Dating vintage prints
The first overlock machine (serger) was patented by the Merrow Machine Company in 1889.
Some still call all overlock stitches “merrow,” but only a 2- and 3-thread overlock is actually a merrow stitch.
Cartridge pleating of the skirt at its waist is seen from the 1840s-1860s, fading out by the 1870s.
Tiny piped armhole seams date a garment to the 1870s or before and were rare after that. Three-quarter and seven-eighth length sleeves were popular from the late 1930s through the 1950s. Armholes were cut high and fitted in the 1950s and the 1970s.
LOOK FOR THE LABEL Look for labels in the side seams and hems of older garments. The Coat and Suit Industry National Recovery Board was a trade organization meant to ensure that garments were made in accordance with Fair Labor Standards. The Fur Products labeling act of 1952 required an accurate description of fur (e.g.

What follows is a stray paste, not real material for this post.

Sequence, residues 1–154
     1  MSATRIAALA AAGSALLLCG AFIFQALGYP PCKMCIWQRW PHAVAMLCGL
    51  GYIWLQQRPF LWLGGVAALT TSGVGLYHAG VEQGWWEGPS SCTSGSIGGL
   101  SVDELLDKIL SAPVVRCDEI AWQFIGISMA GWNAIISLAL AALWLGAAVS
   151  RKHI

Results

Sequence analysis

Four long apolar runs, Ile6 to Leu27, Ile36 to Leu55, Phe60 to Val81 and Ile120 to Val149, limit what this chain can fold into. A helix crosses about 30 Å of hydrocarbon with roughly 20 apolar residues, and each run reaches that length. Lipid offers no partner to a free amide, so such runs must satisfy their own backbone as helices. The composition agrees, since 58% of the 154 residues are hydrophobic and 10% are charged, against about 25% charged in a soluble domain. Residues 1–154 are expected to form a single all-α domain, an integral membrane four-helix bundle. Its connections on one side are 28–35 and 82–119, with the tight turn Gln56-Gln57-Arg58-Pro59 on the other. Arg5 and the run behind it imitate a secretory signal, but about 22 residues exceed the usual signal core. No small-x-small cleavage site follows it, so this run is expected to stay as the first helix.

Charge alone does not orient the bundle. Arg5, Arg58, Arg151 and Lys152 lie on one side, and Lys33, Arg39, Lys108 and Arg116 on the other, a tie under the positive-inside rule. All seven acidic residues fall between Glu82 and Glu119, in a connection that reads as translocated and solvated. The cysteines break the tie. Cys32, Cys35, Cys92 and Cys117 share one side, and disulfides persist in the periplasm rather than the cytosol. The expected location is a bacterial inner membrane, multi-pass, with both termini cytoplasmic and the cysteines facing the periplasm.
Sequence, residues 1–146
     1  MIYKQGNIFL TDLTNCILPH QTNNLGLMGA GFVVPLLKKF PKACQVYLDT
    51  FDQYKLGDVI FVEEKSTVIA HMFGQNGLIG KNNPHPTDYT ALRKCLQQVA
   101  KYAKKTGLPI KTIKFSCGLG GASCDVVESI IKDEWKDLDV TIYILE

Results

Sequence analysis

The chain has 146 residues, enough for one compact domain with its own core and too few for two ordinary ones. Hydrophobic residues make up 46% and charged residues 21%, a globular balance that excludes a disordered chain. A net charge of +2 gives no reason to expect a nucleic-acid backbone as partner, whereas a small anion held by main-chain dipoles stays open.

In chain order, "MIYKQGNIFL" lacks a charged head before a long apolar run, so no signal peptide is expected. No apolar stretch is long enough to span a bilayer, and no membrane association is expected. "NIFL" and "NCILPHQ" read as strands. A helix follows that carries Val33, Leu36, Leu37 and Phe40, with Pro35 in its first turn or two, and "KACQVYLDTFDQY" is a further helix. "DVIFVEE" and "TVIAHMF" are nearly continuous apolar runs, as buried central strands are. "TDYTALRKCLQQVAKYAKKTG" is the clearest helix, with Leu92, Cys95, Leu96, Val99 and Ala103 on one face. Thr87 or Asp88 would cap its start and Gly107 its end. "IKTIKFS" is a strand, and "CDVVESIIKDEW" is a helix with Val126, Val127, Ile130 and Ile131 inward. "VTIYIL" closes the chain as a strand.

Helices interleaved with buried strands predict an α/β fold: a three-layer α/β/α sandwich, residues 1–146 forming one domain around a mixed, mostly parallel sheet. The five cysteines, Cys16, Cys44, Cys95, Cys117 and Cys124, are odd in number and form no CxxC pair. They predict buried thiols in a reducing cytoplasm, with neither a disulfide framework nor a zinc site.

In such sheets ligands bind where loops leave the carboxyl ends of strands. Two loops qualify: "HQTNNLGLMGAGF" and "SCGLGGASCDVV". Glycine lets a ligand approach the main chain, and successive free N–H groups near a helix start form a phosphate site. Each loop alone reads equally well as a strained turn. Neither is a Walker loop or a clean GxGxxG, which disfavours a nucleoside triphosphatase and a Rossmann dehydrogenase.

Country-of-origin labels came about in the US following the Mc Kinley Act of 1891. The NRA Blue Eagle label, denoting compliance with Manufacturing Codes, was used in the U. what had been called Hudson Seal now had to be identified as sheared muskrat).
Loops for hanging found inside the neckline of vintage jackets and blouses are usually of European manufacture.
Dacron (trademarked by Du Pont) refers to several types of polyester yarn. Qiana, developed by Du Pont, and commercially available since 1968, is a filament nylon used for woven and knitted fabrics. as elastane) was developed by Du Pont in 1958 and mixed with various fibers for use in lingerie since 1960, and in a wide range of clothing items since the 1980s. DATING VINTAGE SHOES Vintage shoes from before the 1970s use AAAA-DDD width sizing, rather than M (medium), N (narrow), and W (wide). Shoes made from 1800-1860 only have right or left sole shapes if they were custom made to fit a client’s foot. Remember “croc has a dot, alligator not” when identifying skins. Sandals entered the shoe wardrobe in mid-1930s, first in Europe, then the U. After the sandal came open-toe and sling-back shoes, in the late 1930s – never before.
Men’s suits lost their vest and became two-piece in the U. MATERIAL WORLD – about fabrics 18th century silk brocade with white ground usually indicates English manufacture while yellow ground usually indicates French manufacture.